Islamic Republic of Mauritania and the IMF
Heavily Indebted Poor Countries -- A Factsheet
IMF Completes in Principle Mauritania Review, Approves in Principle
US$8 Million Credit Tranche, and Approves US$8 Million in
Interim Assistance Under HIPC
The Executive Board of the International Monetary Fund (IMF) today completed in principle the second review of Mauritania's economic performance under the three-year Poverty Reduction and Growth Facility (PRGF)1 arrangement and approved in principle the disbursement of an amount equivalent to SDR 6.1 million (about US$8 million). A final decision by the IMF Executive Board is pending discussion of Mauritania's Poverty Reduction Strategy Paper (PRSP) by the World Bank Executive Board, which is expected to take place on February 6, 2001.
Mauritania's PRGF arrangement was approved on July 21, 1999 (see Press Release No. 99/32) in a total amount equivalent to SDR 42.5 million (about US$55 million), of which Mauritania has so far drawn SDR 12.1 million (about US$16 million).
The Executive Board also approved today the release of an amount equivalent to SDR 6.2 million (about US$8 million) in interim assistance under the Heavily Indebted Poor Countries Initiative.2 (See Press Release No. 00/9).
Following the Board discussion on Mauritania, Eduardo Aninat, Deputy Managing Director and Acting Chairman, said:
"The Mauritanian authorities are to be commended for the good record of economic performance under their medium-term program supported by the PRGF arrangement. Among the most noteworthy achievements in 2000 are strong economic growth, low inflation, a comfortable level of international reserves, tax reform, and the preparation of a credible poverty reduction strategy.
"However, the poverty situation remains very difficult, with half of the population living in poverty, and one third in extreme poverty. In 2000, the government prepared a strong, ambitious and truly country-owned PRSP, in a broad participatory process, with active participation of civil society, NGOs, elected officials and donors, including the IMF and the World Bank. The poverty reduction strategy is based on enhancing economic growth with an increased role for the private sector, efficiency and transparency of public resource management, and improvements in legal and judicial systems.
"Fiscal policy will be further eased in 2001, in line with the poverty reduction strategy, and will be financed by concessional external resources. The authorities' efforts should focus on bringing about greater efficiency and transparency in executing and monitoring spending in order to ensure that they reach their intended targets. Good public spending management is critical for ensuring efficiency, transparency and accountability of poverty-reducing spending and achieving the poverty reduction objectives.
"The government has implemented important tax reforms, including the unification of the value-added tax (VAT) rates, elimination of VAT exemptions, improvement in tax administration, and a reduction in the corporate tax rate. Further reduction and simplification of business taxation and particularly the elimination of ad hoc tax privileges, granted under the investment code, will be important steps in enhancing the transparency of the business environment.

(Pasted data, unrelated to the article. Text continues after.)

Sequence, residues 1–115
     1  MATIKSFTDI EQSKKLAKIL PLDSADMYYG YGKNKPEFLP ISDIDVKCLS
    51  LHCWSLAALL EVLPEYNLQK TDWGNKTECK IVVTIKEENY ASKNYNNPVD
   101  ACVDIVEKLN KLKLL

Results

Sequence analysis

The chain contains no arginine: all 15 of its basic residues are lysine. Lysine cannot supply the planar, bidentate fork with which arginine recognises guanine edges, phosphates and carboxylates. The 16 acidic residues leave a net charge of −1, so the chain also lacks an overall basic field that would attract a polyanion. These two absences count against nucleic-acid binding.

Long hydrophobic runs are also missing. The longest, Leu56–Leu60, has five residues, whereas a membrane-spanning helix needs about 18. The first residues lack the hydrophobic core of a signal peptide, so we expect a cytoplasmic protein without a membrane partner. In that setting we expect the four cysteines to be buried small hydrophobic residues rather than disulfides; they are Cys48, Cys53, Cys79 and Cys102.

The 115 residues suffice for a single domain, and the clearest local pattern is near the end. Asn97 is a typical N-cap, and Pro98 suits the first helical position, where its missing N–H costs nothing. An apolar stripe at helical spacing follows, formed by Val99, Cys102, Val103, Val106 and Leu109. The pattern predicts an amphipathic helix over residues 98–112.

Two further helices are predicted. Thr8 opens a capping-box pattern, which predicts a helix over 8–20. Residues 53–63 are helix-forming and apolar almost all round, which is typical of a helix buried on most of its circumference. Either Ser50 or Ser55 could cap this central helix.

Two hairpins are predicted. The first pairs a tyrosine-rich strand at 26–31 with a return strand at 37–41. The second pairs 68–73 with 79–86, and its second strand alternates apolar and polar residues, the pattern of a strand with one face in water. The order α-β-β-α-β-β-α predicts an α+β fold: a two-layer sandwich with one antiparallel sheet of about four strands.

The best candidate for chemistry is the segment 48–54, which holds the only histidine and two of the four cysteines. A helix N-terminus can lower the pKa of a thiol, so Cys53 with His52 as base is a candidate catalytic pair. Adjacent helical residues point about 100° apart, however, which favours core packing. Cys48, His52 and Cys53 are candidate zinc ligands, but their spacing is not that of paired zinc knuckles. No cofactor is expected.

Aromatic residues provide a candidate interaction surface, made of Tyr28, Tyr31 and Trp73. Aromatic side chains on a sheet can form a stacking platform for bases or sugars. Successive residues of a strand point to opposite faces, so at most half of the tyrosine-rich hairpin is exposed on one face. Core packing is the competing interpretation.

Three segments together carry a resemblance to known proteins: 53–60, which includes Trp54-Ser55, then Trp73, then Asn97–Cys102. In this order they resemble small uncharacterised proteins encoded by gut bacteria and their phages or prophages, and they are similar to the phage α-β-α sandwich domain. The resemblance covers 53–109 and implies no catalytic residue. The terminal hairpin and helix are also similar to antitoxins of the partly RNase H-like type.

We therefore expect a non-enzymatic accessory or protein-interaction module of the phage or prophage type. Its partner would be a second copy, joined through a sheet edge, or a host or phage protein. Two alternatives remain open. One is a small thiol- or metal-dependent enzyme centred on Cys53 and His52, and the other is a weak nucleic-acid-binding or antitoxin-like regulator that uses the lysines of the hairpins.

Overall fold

"The authorities' decision to reduce the discount rate and the minimum rate on saving deposits is to be commended, and should lead to a reduction in lending rates. In addition, the recent reduction in the credit concentration ratios is a good step, but further reduction in these ratios to international standards is an important prudential measure, which should also permit better access to credit by small investors. Stronger banking supervision and increased competition in the banking sector will be top priorities in the near term. In addition, the foreign exchange market needs to be further liberalized, and a more realistic exchange rate policy needs to be adopted to enhance the diversification of Mauritania's export base.
"The Executive Board considers that the PRSP provides a sound basis for Fund concessional assistance to Mauritania," Mr. Aninat said.
1 On November 22, 1999, the IMF's concessional facility for low-income countries, the Enhanced Structural Adjustment Facility (ESAF), was replaced by the Poverty Reduction and Growth Facility (PRGF), and its purposes were redefined. It was intended that PRGF-supported programs will in time be based on country-owned poverty reduction strategies adopted in a participatory process involving civil society and development partners, and articulated in a poverty reduction strategy paper (PRSP). This is intended to ensure that each PRGF-supported program is consistent with a comprehensive framework for macroeconomic, structural, and social policies to foster growth and reduce poverty.
PRGF loans carry an annual interest rate of 0.5 percent, and are repayable over 10 years with a 5 ½ year grace period on principal payments.
2 The HIPC Initiative entails coordinated action by the international financial community, including multilateral institutions, to reduce to sustainable levels the external debt burden of heavily indebted poor countries that pursue IMF and World Bank-supported adjustment and reform programs, but for whom traditional debt relief mechanisms are insufficient.
IMF EXTERNAL RELATIONS DEPARTMENT